Updated: April 10, 2016 1:02:09 pm
There are lies, damn lies, statistics, and then social media. In the age of social media posts and sound bites, it is increasingly easy to spread statistical falsehoods. Having seem some of these in the comments section of my previous columns, I decided to retort with facts and figures.
Rebuttal 1: “69% of India voted against Modi”
This has been gaining traction since Kanhaiya Kumar made this statement. Let us examine why this is a blatant misrepresentation of our democratic system.
Yes, the BJP did get 31% of the votes cast in this election. However, it contested only 78% of the seats as it was part of the NDA alliance. However, the NDA, clearly led by Modi, together contested all seats and won close to 40% of the total votes. To use a cricket analogy, this is the equivalent of counting the score of only 7 batsmen and not the rest of the team!
By contrast the Congress won 19% of the vote share, and no other party won more than 4%. Thus, by the “Kanhaiya logic” 81% of the country voted against the Congress and 96% voted against everyone else! This is worth keeping in mind given that these apparently very unpopular parties are the ones currently blockading parliament and preventing laws from being passed!
But this is a flawed way of thinking. Ours is a multi-party electoral system. When one has a choice of 400 parties, voting for one doesn’t equate to voting against the other 399! It is like saying there were 20 dishes in the buffet, and I selected one, which means I am against the other 19. It is a nonsensical argument.
Just to compare ourselves to other major multi-party democracies, in the recent UK election, the Conservative party won 36% of the vote, in what was widely reported as a thumping win. In France in 2012, the Socialist Party won only 29% of the first round votes and was yet a clear winner. And unlike India where 400 parties contested and 36 parties won seats, the UK and French elections had barely 3-4 relevant parties.
Even in 2004, the Congress secured only 28% of the vote. Would it be then logical to say that 72% of the country was against the Congress in 2004 and 2009?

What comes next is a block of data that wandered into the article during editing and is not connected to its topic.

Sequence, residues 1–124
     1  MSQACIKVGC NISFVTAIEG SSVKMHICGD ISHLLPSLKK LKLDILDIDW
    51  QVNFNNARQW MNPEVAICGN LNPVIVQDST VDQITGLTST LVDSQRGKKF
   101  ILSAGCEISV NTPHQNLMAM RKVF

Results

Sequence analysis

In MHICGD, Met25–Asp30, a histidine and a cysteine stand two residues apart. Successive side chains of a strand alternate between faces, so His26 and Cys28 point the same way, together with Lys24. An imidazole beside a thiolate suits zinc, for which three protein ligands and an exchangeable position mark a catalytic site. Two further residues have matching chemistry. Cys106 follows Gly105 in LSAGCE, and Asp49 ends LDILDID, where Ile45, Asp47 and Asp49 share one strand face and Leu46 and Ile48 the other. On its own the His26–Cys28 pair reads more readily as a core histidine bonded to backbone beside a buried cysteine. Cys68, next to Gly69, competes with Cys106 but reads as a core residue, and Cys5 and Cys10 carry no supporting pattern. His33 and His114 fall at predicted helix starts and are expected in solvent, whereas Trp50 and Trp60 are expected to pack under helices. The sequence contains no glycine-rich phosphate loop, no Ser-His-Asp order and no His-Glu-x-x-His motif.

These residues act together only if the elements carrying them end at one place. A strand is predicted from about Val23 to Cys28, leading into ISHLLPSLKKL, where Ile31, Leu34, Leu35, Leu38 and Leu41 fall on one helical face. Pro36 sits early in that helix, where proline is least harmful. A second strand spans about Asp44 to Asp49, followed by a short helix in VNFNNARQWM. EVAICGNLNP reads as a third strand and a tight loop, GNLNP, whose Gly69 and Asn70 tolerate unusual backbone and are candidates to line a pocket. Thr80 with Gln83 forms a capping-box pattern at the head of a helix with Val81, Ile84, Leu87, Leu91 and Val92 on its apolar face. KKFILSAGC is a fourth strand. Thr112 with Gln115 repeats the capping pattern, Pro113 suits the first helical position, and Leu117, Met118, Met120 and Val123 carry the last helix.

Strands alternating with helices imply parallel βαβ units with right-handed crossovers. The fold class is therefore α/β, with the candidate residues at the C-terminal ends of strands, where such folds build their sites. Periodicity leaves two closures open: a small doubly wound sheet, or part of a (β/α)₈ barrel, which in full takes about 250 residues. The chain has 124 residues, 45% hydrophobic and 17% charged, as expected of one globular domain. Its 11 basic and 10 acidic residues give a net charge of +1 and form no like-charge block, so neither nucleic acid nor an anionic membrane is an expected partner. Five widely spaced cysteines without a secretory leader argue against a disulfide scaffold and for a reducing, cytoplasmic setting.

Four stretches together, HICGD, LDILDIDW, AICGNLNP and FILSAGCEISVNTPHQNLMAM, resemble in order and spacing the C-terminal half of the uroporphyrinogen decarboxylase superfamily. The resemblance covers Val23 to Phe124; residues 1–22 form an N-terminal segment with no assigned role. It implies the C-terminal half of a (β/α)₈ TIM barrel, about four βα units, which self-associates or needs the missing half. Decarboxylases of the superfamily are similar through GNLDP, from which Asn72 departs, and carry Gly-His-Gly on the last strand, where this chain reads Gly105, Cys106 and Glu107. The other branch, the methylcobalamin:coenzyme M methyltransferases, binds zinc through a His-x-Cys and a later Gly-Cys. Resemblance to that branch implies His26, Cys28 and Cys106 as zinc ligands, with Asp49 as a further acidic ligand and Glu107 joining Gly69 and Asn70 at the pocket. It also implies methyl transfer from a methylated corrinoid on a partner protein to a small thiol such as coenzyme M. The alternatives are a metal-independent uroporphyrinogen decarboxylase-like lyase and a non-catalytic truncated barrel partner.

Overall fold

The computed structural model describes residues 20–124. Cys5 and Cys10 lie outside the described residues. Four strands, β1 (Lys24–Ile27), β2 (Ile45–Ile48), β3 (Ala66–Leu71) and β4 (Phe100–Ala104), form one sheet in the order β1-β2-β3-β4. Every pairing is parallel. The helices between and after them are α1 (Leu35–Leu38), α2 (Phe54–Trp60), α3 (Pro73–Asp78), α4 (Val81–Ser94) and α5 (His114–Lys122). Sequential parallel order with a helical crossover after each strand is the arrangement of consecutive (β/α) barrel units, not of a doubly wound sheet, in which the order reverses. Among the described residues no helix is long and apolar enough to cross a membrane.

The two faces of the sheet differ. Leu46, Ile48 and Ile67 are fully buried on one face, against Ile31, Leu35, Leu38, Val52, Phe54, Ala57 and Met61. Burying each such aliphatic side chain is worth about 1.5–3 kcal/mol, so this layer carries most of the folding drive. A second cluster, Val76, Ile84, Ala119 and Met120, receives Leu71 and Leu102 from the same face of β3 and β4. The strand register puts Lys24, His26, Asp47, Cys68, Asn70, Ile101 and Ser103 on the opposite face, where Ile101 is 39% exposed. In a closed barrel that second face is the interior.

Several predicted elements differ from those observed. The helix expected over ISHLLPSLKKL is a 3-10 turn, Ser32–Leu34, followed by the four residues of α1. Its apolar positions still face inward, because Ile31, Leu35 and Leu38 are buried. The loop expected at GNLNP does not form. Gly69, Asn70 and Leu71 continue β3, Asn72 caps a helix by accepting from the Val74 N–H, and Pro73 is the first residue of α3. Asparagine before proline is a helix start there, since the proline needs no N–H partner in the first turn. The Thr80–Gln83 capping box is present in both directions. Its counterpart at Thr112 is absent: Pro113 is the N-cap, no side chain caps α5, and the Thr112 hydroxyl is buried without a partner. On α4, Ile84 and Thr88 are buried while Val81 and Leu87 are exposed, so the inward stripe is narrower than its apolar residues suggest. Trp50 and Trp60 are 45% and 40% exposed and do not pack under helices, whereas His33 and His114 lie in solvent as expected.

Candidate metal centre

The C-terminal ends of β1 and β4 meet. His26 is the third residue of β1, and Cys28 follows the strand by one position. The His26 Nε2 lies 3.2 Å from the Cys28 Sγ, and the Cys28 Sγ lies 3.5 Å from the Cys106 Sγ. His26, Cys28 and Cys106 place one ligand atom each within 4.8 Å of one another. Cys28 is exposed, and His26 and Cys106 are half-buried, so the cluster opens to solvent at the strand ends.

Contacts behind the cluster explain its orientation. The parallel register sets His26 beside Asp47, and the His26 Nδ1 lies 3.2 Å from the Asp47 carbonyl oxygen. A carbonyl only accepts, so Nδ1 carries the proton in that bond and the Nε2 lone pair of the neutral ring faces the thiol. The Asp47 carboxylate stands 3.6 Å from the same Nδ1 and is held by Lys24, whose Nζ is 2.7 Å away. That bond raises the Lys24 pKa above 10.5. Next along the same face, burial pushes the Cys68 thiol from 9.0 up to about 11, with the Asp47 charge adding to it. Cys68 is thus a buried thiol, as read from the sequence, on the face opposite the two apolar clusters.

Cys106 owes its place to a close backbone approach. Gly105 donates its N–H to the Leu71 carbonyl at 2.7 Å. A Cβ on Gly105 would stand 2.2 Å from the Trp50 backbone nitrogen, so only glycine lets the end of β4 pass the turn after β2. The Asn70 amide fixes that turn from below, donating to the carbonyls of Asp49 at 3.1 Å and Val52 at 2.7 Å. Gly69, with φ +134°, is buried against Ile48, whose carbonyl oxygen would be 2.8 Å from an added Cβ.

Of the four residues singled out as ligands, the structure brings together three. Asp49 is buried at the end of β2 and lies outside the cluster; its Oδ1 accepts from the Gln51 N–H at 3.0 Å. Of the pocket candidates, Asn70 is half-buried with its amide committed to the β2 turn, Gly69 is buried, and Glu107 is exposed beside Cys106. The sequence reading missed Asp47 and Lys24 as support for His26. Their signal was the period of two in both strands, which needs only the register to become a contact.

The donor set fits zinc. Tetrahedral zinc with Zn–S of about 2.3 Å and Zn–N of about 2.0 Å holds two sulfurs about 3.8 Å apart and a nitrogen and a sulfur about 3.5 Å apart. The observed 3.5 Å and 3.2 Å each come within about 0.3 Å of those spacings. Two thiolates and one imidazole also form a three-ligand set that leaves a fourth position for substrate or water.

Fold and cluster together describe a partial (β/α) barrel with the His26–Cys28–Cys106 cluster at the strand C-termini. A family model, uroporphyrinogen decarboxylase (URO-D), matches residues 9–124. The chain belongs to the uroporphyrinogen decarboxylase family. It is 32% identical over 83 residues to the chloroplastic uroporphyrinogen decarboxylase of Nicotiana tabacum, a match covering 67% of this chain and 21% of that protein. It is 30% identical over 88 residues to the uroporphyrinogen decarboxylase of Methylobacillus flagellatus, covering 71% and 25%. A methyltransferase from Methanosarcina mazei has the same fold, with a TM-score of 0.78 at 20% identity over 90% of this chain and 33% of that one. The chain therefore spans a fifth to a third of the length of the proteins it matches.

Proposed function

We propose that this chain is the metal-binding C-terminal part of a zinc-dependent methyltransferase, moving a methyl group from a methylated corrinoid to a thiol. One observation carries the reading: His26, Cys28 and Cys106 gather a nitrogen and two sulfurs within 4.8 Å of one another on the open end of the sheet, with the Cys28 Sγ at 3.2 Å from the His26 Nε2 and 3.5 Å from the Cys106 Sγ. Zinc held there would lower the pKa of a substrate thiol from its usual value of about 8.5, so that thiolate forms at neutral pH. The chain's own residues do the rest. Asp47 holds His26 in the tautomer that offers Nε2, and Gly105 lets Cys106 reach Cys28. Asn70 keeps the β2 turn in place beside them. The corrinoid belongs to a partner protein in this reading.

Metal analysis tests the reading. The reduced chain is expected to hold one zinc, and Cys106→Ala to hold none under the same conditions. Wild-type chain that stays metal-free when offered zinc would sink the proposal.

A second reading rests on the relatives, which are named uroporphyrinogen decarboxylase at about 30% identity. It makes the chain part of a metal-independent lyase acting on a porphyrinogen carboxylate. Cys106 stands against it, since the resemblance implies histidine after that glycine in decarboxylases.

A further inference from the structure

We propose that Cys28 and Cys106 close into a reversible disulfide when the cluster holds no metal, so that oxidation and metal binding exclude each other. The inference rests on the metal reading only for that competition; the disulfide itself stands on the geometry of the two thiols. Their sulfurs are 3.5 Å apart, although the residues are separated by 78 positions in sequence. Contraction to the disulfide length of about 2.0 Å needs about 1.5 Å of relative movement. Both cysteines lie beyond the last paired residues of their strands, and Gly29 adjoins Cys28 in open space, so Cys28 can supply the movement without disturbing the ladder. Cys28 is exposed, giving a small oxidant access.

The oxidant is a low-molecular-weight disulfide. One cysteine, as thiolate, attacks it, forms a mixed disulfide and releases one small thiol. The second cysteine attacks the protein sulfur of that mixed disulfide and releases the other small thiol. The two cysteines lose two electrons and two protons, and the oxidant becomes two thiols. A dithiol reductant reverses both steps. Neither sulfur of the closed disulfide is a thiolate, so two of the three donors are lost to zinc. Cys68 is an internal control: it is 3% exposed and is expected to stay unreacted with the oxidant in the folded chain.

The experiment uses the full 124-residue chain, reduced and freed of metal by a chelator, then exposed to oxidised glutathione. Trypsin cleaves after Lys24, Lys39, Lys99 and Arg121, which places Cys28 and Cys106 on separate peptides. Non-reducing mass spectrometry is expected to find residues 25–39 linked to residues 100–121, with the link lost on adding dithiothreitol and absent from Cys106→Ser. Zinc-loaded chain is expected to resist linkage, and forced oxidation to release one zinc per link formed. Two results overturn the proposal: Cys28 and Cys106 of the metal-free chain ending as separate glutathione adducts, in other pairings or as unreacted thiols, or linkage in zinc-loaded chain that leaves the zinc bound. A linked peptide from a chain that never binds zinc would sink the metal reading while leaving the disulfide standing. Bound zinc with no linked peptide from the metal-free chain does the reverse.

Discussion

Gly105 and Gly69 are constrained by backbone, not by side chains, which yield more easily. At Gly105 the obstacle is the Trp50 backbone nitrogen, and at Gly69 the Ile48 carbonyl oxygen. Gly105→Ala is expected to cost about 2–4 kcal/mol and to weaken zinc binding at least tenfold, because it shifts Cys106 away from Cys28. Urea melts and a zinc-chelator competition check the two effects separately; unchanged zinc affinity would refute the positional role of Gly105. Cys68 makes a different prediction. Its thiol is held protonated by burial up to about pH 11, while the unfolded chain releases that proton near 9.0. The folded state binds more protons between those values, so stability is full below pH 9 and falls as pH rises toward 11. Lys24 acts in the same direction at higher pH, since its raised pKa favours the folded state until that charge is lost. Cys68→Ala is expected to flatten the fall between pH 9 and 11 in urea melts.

Make no mistake, the NDA’s performance of 40% of the votes was a thumping win and a full scale rejection of the Congress and the Left who both sunk to record lows in seats and vote share.
That such a strong mandate is being undemocratically subverted in parliament and through an all out propaganda war is a blot on our nation, and as I argued in an earlier article, a danger to our democracy.
Rebuttal 2: Bihar and Delhi were a rejection of the NDA
In reality, the only thing that Bihar and Delhi proved were the absolute decimation of the Congress Party, and the cynical, unstable, divisive, caste-based, policy-less alliances that need to be cobbled together to stop the BJP.
Let us start with Delhi:
The below chart shows vote shares of the major parties over the last 3 elections:
As we can see, the BJP vote share remained essentially the same, while the AAP experienced a huge jump and the Congress, a total collapse
The conclusion from Delhi is that the Congress voters fled en-masse to AAP, while the BJP voters remained loyal.
While the BJP needs to examine its inability to pick up ex-Congress voters in Delhi, the main lesson here is the utter decimation of the Congress.
It is also pertinent to note here that being a new party, the AAP with its impossible promises of free water, free wifi, cheap power, and various other unachievable promises, can only fool the voters once. I would be surprised if they could pull this trick off a second time (hence note their strategy of already continuously blaming the center for all their failings).
Moving on to Bihar, the pattern here too is similar.
Below is a table of vote shares in the last two elections:
It is important to note that the BJP had a vote share of 24% an INCREASE of 8% from the previous election. In fact, no other party INCREASED their vote. The BJP was the most popular party by a long distance.
By contrast the RJD won only 18% of the votes and its former enemy the JD(U) won 17%. The Congress was annihilated with a mere 7% vote share. Thus, the RJD-JDU-Cong alliance combined for 42% vs NDA’s 35%…. hardly a hammering.
What is worth noting here is the moral compromises that defeating the BJP took. Firstly, it took a famously pro-development and anti-corruption JD(U) to ally with its sworn enemy, Laloo Prasad Yadav (who has been imprisoned on corruption charges and who promptly appointed two of his young sons as deputy ministers to ensure his spoils in the victory).
Also, for all Congress’s talk on “unity” and “tolerance”, its alliance was cynical, caste-based divisive politics at its worst.
Thus, while Bihar was a defeat for the NDA, it was, much more so, a victory for the old caste-based, corrupt, divisive style of politics we had all hoped India had left behind. This should worry all of us.
Fortunately, using the “Kanhaiya logic”, 58% of Bihar votes against this diabolical alliance, so there is hope yet!
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